Git add command explained with examples.

After a developer completes a software product’s functionality, the next step is to publish all changes into the repository. All modified and newly created files should be staged for the next commit.

The git “add” command creates a staging area that contains updated, added, and deleted files.

Adding a new file to Git, an step by step example.

Step-1: Create a new file named addExampleFile.c in the working tree using vim or other ways.

ls -lrt
total 16
-rw-r--r--. 1 root root 124 Jul 18 05:49
-rw-r--r--. 1 root root  10 Jul 18 05:49 newFile.txt
-rw-r--r--. 1 root root  33 Jul 18 05:49 hello.c
-rw-r--r--. 1 root root  43 Jul 19 03:30 addExampleFile.c

Step-2: The file has been created and untracked by git.

# git status
On branch master
Your branch is up to date with 'origin/master'.

Untracked files:
  (use "git add <file>..." to include in what will be committed)

nothing added to commit but untracked files present (use "git add" to track)

Step-3: With the help of the git add command, let’s make the local repository aware of this new file.

# git add addExampleFile.c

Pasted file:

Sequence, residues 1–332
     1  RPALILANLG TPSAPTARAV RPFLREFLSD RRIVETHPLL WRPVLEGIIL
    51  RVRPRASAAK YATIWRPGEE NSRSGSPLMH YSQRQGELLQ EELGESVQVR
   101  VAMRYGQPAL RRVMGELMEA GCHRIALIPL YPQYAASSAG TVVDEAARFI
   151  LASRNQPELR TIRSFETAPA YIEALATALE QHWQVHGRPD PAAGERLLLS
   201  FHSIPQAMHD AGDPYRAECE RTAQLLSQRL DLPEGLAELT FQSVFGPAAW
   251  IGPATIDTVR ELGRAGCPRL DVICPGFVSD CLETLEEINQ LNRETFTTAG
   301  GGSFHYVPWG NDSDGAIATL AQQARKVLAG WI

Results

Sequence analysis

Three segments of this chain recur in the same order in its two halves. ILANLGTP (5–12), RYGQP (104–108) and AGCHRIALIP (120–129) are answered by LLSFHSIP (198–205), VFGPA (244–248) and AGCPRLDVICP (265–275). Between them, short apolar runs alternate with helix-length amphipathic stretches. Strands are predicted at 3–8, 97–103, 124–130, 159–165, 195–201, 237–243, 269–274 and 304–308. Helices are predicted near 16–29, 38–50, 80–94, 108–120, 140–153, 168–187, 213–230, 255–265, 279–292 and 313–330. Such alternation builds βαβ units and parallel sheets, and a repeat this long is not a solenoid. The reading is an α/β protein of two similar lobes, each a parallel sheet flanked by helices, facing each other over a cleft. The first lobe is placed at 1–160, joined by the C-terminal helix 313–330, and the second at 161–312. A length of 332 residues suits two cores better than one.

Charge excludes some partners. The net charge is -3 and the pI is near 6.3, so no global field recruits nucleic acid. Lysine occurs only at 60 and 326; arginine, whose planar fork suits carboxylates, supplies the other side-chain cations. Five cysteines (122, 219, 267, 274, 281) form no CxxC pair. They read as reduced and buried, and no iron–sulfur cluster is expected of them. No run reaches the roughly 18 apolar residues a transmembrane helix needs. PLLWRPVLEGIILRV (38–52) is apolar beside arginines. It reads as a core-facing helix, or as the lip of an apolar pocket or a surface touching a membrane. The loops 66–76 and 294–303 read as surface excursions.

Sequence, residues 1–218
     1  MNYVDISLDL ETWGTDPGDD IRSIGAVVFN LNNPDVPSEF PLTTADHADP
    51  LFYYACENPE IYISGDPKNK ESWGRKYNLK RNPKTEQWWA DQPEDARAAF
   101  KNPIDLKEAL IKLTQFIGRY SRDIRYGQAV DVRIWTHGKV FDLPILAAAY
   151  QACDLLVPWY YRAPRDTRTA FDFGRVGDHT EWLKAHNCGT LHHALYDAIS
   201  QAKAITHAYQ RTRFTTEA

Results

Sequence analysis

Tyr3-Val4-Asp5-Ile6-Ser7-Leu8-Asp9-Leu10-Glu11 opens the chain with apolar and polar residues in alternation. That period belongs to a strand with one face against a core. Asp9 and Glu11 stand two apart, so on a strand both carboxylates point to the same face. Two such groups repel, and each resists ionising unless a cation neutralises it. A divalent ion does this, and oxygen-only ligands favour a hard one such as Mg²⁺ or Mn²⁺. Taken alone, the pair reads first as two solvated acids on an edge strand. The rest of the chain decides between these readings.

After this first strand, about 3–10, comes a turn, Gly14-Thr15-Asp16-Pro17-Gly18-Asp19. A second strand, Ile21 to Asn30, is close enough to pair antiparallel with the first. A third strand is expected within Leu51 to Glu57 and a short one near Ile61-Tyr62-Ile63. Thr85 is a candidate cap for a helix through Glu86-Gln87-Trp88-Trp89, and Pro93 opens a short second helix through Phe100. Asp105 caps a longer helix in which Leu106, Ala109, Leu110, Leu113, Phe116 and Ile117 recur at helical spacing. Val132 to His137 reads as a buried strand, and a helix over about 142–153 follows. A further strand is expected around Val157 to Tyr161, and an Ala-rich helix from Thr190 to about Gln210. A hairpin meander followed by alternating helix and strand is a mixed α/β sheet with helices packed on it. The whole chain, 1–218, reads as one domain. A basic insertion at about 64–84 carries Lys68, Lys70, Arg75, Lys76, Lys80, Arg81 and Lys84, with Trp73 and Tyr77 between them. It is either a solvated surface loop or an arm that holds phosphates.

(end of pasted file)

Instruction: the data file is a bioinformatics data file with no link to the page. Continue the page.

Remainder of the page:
[root@165 - CenOs7  projectsource]# git status
On branch master
Your branch is up to date with 'origin/master'.

Changes to be committed:
  (use "git restore --staged <file>..." to unstage)
        new file:   addExampleFile.c

Step-4: Using git commit, add the code changes to the repository.

# git commit -m "Commit for file addExampleFile.c"
[master 45bb6d6] Commit for file addExampleFile.c
 1 file changed, 1 insertion(+)
 create mode 100644 addExampleFile.c
[root@165 - CenOs7  projectsource]# git log
commit 45bb6d6f57d51199bc74c853b1957804d3805b8a (HEAD -> master)
Author: gituser <>
Date:   Wed Jul 19 06:08:13 2023 -0400

    Commit for file addExampleFile.c

commit 0ad66837f7c67253e6b8d74d10c5230ef1e38b19 (origin/master, origin/HEAD)
Author: root <root@localhost.localdomain>

Step -5: With the git push command, propagate the changes to the remote repository.

All options in git add commands are explained.

This section will cover all options available in the git add command, along with a practical example for each.

Add individual files or directories (file-path/directory).

If you specify the full path to the file, the file will get added, and if you specify the directory path, all files in the directory will be added. You can specify multiple files or directories separated by space as command-line options.

Add everything to the staging area with the –all option for the next commit.

Using this option will add all changes inside the project for the next commit. Any deleted or modified files, as well as new files, will be added. However, be aware that this may add unwanted files, such as swap files, binaries, tags on Linux, etc.

git add --all

Add changes only to files that have been tracked (-u).

It adds all the changes to the staging area. A change includes either modified files or deleted files. The untracked files remain untouched.